Gloucestershire College investment in new electric vehicle training centre welcomed

A new training centre for electric and hybrid vehicle technicians is being built at Gloucestershire College, offering expert training for automotive technicians — with the £500,000 investment being welcomed by one of the county's leading businesses in the electric automotive sector.

By Andrew Merrell  |  Published
Gloucestershire College has invested in creating the county's first dedicated electric and hybrid vehicle training centre.
Gloucestershire College has invested in creating the county's first dedicated electric and hybrid vehicle training centre.

Gloucestershire College has invested £500,000 in a state-of-the-art training centre to deliver specialist training for electric and hybrid vehicle technicians at its Gloucester campus, news which has been welcomed by one of the county's leading EV experts. 

Supported by the government's Strategic Development Fund (SDF), the training centre will include industry leading workshops and expert lecturers to train technicians from Level 1 to Level 4 in the diagnosis, testing and repair of EV/HEV and components.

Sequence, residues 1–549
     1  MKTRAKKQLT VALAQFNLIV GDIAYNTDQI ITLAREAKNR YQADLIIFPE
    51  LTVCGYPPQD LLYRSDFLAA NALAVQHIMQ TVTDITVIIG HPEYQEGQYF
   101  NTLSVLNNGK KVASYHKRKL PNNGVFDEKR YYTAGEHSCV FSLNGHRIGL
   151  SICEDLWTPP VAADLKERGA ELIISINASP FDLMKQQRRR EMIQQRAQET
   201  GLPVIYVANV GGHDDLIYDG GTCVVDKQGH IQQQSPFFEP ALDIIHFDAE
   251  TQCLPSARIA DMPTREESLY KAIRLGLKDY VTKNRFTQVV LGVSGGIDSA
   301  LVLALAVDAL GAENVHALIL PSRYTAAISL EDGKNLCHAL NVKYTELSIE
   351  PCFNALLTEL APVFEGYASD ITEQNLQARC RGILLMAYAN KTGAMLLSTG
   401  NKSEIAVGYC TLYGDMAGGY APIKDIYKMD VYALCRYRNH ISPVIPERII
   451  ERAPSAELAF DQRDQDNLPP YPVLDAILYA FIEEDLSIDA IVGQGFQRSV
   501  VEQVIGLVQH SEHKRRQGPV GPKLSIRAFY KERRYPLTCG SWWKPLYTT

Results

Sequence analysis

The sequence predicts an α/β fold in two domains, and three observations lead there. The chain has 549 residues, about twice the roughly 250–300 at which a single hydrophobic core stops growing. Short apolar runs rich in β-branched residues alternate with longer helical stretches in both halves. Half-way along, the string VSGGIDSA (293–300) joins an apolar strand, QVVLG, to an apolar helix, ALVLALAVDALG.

The college already provides training for diagnostic, master, motorsport, and paint technicians, as well as workshop supervisors and MOT examiners.

News of the latest investment has been welcomed by one of Gloucestershire's leading businesses in the electric vehicle sector, Cheltenham-based Cleevely Electric Vehicles.

Matt Cleevely, who runs the family business alongside sister company, Cleevely Motors, said there's a shortage of skilled staff in the automotive industry.

‘We welcome news of investment in training. But the emphasis does not just need to be on electric,’ said Cleevely, whose business also an apprentice on its books.

‘It is important to get technicians who are knowledgeable about cars full stop. If this new centre attracts people to the profession, then great. 

‘The market for electric is growing, but only 30 per cent of our workshop is about electric vehicles – which means the majority of cars are still not electric.’

He says it's a changed profession which made for a rewarding career, with a broad range of knowledge, practical skills, problem solving abilities and IT literacy needed to work on a diverse range of vehicles and technology.

The Institute of the Motor Industry says the number of qualified electric vehicle technicians stands at 32,900, but needs to grow to 90,000 by 2030 to meet demand.

Matthew Burgess, principal and chief executive officer at Gloucestershire College, said the college was committed to working with businesses and employee partners to meet skills needs in the county.

He said: 'We plan to bridge the skills gap in low-carbon vehicle mechanics and future-proof the skills of our own talent-in-training, to make them even more employable when they move into industry.'

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